- Author: Debbie LeDoux
I recently spent a delightful morning with UC Cooperative Extension (UCCE) San Bernardino County Master Gardener Vikki Gerdes, chatting in her light-filled kitchen over coffee and cookies about why she loves gardening and the UCCE Master Gardener program. As a Master Gardener, her focus in the program has always been water-wise gardening. She believes that "with over 60% of water use occurring outdoors, it is essential for residents to learn how to use water efficiently in their landscapes."
Vikki graduated from the UCCE San Bernardino County Master Gardener class of 2003/2004. She feels lucky to have had the opportunity to take part in the training, especially since she almost missed the application deadline. Luckily for the program, she faxed in her application the last day of acceptance and, due to her background and enthusiasm, was welcomed into the program.
Her Master Gardener's final project was to introduce her classmates to the Maloof Foundation Gardens. Beverly Maloof had conceived of a water-wise garden on the site that would be in harmony with the Southern California climate and respectful of California's limited water supply. She received a Metropolitan Water District Water Wise Grant in 2003. Community members, including Vikki who led a team of volunteers including Master Gardeners, assisted with the plantings. Master Gardeners also created botanical listings of all the plants.
In 2014, Vikki was honored to be named as Featured Homeowner Grand Prize winner of the Cucamonga Valley Water District's (CVWD) 7th annual Water Savvy Landscape Contest. Open to all CVWD customers, the Water Savvy Landscape Contest promotes water efficiency by recognizing residents who have installed beautiful, water-saving landscapes. Each landscape is evaluated based on a set of criteria which includes overall water efficiency, appearance, selection of plant material, and irrigation design. Vikki and other Master Gardener volunteers and homeowners educate participants during the Garden Tour on what plants and design elements work well in California's inland climate. Participants take a self-guided tour through each garden to learn how to make their yards more water-efficient.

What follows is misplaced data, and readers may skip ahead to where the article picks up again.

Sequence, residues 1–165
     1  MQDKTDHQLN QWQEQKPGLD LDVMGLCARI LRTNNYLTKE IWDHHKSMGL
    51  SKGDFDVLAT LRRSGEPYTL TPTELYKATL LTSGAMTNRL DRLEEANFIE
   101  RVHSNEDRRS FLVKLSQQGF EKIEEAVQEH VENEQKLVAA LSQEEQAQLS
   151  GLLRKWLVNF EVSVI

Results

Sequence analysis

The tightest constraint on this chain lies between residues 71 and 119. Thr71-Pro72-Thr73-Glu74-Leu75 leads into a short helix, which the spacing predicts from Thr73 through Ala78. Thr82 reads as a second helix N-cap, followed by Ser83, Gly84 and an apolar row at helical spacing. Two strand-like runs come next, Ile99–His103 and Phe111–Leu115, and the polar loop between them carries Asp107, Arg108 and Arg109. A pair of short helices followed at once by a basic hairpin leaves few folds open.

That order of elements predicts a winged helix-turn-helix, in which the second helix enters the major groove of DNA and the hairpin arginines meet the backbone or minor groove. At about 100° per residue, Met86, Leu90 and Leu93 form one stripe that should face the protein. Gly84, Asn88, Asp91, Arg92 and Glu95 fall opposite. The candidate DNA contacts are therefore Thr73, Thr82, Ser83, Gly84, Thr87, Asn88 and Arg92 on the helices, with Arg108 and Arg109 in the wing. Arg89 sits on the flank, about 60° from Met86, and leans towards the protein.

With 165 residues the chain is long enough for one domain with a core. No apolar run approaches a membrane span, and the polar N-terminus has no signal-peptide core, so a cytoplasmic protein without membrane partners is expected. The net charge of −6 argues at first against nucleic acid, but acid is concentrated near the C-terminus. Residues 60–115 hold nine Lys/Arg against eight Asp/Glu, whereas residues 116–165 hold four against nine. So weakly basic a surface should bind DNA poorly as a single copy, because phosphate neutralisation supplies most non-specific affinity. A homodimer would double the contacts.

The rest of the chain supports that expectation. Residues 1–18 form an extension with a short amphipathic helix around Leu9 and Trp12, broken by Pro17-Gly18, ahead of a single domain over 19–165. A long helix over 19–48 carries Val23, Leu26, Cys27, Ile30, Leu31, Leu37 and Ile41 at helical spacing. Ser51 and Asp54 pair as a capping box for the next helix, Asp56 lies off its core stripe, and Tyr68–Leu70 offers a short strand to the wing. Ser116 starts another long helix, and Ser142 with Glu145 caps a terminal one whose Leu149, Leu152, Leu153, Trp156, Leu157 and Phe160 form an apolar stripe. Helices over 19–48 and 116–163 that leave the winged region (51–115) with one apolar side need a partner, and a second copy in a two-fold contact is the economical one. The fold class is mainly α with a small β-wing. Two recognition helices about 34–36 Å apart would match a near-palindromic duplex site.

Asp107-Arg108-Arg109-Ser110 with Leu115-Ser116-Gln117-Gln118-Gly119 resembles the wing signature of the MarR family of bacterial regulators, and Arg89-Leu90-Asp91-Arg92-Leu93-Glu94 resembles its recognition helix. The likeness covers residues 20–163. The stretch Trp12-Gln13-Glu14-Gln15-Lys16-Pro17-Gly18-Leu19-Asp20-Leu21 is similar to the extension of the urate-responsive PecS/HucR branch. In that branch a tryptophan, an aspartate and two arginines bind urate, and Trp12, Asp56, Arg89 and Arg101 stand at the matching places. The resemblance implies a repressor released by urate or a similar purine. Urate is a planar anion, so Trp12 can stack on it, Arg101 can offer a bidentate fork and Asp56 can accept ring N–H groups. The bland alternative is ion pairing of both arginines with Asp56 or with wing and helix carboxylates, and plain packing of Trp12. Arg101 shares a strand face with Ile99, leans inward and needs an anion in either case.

Vikki entered the Water Savvy Landscape Contest as a result of a complete overhaul of her landscape that included selecting appropriate water-wise plants and installation of a new irrigation system that fit the needs of her water-wise plants. Taking workshops and using the knowledge she gained through the Master Gardener program helped her in this daunting project. Vikki and her husband put a lot of hard work into their landscape to reduce their water use by 65% on their ½ acre lot. Since they wanted a water-wise garden that would blend in with their neighborhood, Vikki decided on a Water Wise Moonlight Garden, named for the water-wise plants that bloom with white blossoms.
Converting an all-turf yard into a more water-wise landscape on such a large lot was no easy feat, taking several years to complete. Attending workshops taught by UCCE San Bernardino County Master Gardener (and then Water Conservation Specialist at Chino Basin Water Conservation District) Debby Figoni as well as other Master Gardeners helped her gain the knowledge and motivation to see the project through to its completion.
Vikki is inspired to make a difference as a resident of the Cucamonga Valley Water District service area. Utilizing her experience and knowledge as a UCCE Master Gardener, she has been very involved with the Cucamonga Valley Water District Annual Garden Tour for several years. Recently, she has served as a judge for the Garden Tour and considers the overall design, level of involvement by the homeowner, use of water-wise plants, and appropriate irrigation system design for a successful water-wise garden in her selections. In 2019, she was recognized as a Garden Tour judge for her continuing commitment to the community and to water conservation.